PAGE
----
abstract = "Pain is a primary driver of learning and motivated action. It is also a target of learning, as nociceptive brain responses are shaped by learning processes. We combined an instrumental pain avoidance task with an axiomatic approach to assessing fMRI signals related to prediction errors (PEs), which drive reinforcement-based learning. We found that pain PEs were encoded in the periaqueductal gray (PAG), a structure important for pain control and learning in animal models. Axiomatic tests combined with dynamic causal modeling suggested that ventromedial prefrontal cortex, supported by putamen, provides an expected value-related input to the PAG, which then conveys PE signals to prefrontal regions important for behavioral regulation, including orbitofrontal, anterior mid-cingulate and dorsomedial prefrontal cortices. Thus, pain-related learning involves distinct neural circuitry, with implications for behavior and pain dynamics.",
author = "Mathieu Roy and Daphna Shohamy and Nathaniel Daw and Marieke Jepma and Wimmer, {G. Elliott} and Wager, {Tor D.}",
year = "2014",
month = "10",
day = "28",
doi = "10.1038/nn.3832",
language = "English (US)",
volume = "17",
pages = "1607--1612",
journal = "Nature Neuroscience",
issn = "1097-6256",
publisher = "Nature Publishing Group",
number = "11",

}

TY - JOUR

T1 - Representation of aversive prediction errors in the human periaqueductal gray

AU - Roy, Mathieu

AU - Shohamy, Daphna

AU - Daw, Nathaniel

AU - Jepma, Marieke

AU - Wimmer, G. Elliott

AU - Wager, Tor D.

PY - 2014/10/28

Y1 - 2014/10/28

N2 - Pain is a primary driver of learning and motivated action. It is also a target of learning, as nociceptive brain responses are shaped by learning processes. We combined an instrumental pain avoidance task with an axiomatic approach to assessing fMRI signals related to prediction errors (PEs), which drive reinforcement-based learning. We found that pain PEs were encoded in the periaqueductal gray (PAG), a structure important for pain control and learning in animal models. Axiomatic tests combined with dynamic causal modeling suggested that ventromedial prefrontal cortex, supported by putamen, provides an expected value-related input to the PAG, which then conveys PE signals to prefrontal regions important for behavioral regulation, including orbitofrontal, anterior mid-cingulate and dorsomedial prefrontal cortices. Thus, pain-related learning involves distinct neural circuitry, with implications for behavior and pain dynamics.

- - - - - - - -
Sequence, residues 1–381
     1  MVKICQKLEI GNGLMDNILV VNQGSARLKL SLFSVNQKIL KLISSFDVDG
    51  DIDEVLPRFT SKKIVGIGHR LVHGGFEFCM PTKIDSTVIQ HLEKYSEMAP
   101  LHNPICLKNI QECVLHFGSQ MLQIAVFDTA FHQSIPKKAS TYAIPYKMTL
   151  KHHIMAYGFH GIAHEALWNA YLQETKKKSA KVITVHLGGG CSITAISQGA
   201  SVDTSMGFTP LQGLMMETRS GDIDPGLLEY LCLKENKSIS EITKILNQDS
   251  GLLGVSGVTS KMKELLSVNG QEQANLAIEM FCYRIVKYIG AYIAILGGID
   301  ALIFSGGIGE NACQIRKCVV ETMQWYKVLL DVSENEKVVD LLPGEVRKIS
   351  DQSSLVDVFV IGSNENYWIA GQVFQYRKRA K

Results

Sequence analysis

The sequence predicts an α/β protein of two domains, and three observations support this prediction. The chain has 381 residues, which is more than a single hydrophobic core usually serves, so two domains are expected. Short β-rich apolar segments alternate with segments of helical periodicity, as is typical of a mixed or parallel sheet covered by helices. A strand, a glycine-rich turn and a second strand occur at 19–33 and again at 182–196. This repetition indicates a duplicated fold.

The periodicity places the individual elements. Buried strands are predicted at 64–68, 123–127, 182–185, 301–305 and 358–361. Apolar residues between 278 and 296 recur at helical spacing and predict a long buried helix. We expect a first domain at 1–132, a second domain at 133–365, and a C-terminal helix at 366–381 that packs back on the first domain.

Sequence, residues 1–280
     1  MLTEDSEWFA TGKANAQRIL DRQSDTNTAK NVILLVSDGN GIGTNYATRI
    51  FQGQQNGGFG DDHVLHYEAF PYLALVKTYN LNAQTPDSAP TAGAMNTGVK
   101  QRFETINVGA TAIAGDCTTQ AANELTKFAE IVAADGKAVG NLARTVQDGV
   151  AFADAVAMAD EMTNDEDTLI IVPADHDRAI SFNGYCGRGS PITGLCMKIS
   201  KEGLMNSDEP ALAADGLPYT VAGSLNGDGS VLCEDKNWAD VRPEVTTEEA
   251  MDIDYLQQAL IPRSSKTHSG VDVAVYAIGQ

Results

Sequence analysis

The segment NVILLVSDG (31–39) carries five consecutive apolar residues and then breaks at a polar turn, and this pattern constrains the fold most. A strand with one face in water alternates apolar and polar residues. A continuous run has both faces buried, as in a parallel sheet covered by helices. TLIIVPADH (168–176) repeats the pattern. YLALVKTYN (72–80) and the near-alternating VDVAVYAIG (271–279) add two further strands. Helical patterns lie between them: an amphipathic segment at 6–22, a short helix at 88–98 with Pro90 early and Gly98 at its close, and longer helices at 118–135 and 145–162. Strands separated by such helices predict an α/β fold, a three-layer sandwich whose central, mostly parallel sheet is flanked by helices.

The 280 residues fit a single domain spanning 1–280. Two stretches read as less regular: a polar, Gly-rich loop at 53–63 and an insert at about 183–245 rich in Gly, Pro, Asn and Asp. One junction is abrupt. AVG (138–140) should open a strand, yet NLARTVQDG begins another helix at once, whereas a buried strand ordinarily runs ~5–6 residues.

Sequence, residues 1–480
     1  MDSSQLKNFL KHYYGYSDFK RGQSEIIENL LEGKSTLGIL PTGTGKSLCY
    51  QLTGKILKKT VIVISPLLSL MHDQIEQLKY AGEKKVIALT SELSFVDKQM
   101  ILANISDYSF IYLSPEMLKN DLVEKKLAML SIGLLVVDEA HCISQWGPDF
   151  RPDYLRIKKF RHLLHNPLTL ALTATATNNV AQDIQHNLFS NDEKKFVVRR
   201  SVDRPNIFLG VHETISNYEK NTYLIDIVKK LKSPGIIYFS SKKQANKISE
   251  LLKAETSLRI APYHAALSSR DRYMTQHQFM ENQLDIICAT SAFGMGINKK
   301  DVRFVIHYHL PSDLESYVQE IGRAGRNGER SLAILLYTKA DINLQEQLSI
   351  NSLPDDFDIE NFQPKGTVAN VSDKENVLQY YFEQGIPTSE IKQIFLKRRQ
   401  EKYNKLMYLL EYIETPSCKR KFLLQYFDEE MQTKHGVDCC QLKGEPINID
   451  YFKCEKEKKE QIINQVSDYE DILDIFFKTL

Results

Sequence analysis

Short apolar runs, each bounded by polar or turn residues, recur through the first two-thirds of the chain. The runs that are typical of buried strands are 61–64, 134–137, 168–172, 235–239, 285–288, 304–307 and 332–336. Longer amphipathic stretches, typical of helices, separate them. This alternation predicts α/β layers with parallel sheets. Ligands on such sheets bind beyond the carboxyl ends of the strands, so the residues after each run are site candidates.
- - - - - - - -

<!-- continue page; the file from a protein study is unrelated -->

AB - Pain is a primary driver of learning and motivated action. It is also a target of learning, as nociceptive brain responses are shaped by learning processes. We combined an instrumental pain avoidance task with an axiomatic approach to assessing fMRI signals related to prediction errors (PEs), which drive reinforcement-based learning. We found that pain PEs were encoded in the periaqueductal gray (PAG), a structure important for pain control and learning in animal models. Axiomatic tests combined with dynamic causal modeling suggested that ventromedial prefrontal cortex, supported by putamen, provides an expected value-related input to the PAG, which then conveys PE signals to prefrontal regions important for behavioral regulation, including orbitofrontal, anterior mid-cingulate and dorsomedial prefrontal cortices. Thus, pain-related learning involves distinct neural circuitry, with implications for behavior and pain dynamics.

UR - http://www.scopus.com/inward/record.url?scp=84908521188&partnerID=8YFLogxK

UR - http://www.scopus.com/inward/citedby.url?scp=84908521188&partnerID=8YFLogxK

U2 - 10.1038/nn.3832

DO - 10.1038/nn.3832

M3 - Article

C2 - 25282614

AN - SCOPUS:84908521188

VL - 17

SP - 1607

EP - 1612

JO - Nature Neuroscience

JF - Nature Neuroscience

SN - 1097-6256

IS - 11

ER -